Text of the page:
November 26, 1904 — Musical instrument experts took a close look at an old organ in the church of San Valentino in Merano, Italy, in 1967, wanting to find evidence of its age. There were no tell-tale markings but the team was astounded by what they did find – the organ was stuffed with English banknotes. The haul added up to £5 million.
The cash formed a tiny part of a counterfeit fortune produced by the Germans during the Second World War with the intention of causing the British economy to collapse.
The bizarre idea was to drop notes over the UK from aircraft. The Germans reasoned that in those difficult times many people would keep the money rather than handing it in to the authorities and over time this would cause financial chaos.
The plan bore the code name Operation Bernhard after the man chosen to be its mastermind – SS Major (Sturmbannführer) Bernhard Krüger, who was born on this day. Estimates of the value of fake notes printed during the operation range from £132 million to £600 million (about £7 billion today).
Fake they may have been, but the notes were of the highest quality and virtually indistinguishable from the real thing.
Krüger, ordered to use slave labour for the task, toured concentration camps and selected the people he needed – Jews with background skills in printing, engraving and banking.
He then set up a special unit at Sachsenhausen camp, outside Berlin. Printing presses were installed and about 65,000 fake notes were produced each month.
Despite Adolf Hitler's approval, leading Nazi Joseph Goebbels described it as a “grotesque plan,” sharing the view of others that there was nothing to stop Britain retaliating with exactly the same operation. It was doomed, anyway, because after its air warfare Germany simply did not have enough aircraft left to carry out the task.
That’s when SS boss Heinrich Himmler stepped in. Production of the counterfeit money continued but Himmler decided to change its purpose and use it to finance growingly expensive intelligence operations.
So-called businessman Friedrech Schwend was called in to head a massive money-laundering scheme. Schwend, known to have been running illegal currency and smuggling activities since the 1930s, set up his headquarters in Merano and reported directly to Himmler.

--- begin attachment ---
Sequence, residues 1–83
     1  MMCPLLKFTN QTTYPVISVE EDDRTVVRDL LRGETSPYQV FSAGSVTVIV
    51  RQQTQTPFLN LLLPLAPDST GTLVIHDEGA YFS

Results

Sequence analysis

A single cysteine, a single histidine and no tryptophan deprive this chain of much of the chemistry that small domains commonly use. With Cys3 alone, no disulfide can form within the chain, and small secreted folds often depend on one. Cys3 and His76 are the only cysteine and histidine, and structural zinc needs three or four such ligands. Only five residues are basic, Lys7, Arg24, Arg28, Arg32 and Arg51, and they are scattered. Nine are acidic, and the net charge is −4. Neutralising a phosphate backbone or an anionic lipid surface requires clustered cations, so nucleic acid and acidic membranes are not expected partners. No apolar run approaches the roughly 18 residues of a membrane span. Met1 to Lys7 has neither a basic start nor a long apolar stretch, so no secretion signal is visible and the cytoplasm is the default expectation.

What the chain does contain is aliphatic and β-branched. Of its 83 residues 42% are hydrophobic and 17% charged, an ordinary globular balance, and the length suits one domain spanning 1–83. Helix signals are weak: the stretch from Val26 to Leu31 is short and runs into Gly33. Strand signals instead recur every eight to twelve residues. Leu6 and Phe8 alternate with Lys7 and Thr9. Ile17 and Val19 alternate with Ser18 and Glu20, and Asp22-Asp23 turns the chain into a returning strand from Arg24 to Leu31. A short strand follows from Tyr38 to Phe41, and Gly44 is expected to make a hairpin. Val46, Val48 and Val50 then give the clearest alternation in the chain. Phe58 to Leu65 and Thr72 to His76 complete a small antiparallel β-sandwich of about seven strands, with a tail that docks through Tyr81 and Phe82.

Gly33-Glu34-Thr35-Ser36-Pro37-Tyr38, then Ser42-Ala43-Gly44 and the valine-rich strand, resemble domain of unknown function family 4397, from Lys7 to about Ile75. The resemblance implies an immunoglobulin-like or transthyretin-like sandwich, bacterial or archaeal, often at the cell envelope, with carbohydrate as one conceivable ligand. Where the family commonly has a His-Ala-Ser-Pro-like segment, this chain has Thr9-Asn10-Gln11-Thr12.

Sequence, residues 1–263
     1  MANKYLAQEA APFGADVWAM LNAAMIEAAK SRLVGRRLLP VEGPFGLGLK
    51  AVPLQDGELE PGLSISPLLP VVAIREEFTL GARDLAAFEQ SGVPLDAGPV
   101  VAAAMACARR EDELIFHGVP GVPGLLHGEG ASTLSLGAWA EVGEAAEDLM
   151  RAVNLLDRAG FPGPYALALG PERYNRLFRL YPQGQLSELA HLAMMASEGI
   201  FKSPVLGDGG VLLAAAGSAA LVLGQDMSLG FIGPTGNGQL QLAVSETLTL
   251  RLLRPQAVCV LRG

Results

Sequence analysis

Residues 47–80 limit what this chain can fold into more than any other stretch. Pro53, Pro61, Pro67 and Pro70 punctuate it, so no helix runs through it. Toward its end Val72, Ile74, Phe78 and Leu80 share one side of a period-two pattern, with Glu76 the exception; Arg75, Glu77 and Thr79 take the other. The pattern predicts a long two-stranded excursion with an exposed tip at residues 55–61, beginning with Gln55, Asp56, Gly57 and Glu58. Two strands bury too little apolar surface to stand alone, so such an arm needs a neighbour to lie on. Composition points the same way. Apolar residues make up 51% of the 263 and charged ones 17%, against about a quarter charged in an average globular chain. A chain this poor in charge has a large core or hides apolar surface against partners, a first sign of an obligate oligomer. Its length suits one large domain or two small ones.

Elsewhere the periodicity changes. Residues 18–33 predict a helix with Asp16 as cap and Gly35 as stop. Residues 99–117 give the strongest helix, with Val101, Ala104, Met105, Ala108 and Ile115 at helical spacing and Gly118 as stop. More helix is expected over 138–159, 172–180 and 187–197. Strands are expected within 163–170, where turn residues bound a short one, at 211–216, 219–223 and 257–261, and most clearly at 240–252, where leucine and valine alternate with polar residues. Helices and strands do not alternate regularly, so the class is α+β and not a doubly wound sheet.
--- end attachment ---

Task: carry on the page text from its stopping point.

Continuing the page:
Using the fake money across Europe, he would purchase anything of value – gold, diamonds, weapons, property, art, and so on. It was all resold for legal currency at big profits. And from his headquarters in Italy he used couriers to spread counterfeit money throughout the Continent.
In 1945, as Allied soldiers advanced and the war was coming to an end, the forgery operation at Sachsenhausen was shut down.
The inmates were ordered to destroy as much of the machinery and the money, and as many of the records as possible. Unburnt banknotes and printing equipment were loaded on to trucks and taken away.
The SS dumped crates full of the counterfeit money into Lake Toplitz in Austria. Though divers brought up some of it in 1959, much of the money would be undisturbed until 2000 when the submersible used to search the wreck of the Titanic recovered several boxes of notes from the lake floor.
Back in the 1940s, enough of the counterfeit money had crept into general circulation to cause alarm at the Bank of England, which stopped releasing new notes and issued a new design.
After the war Schwend fled to Merano where the church organ revealed its secrets two decades later.
Krüger was detained by the British but released in 1948 without facing charges and he returned to Germany. He died in 1989, aged 84. The UK economy lived to fight another day.
Published: September 26, 2019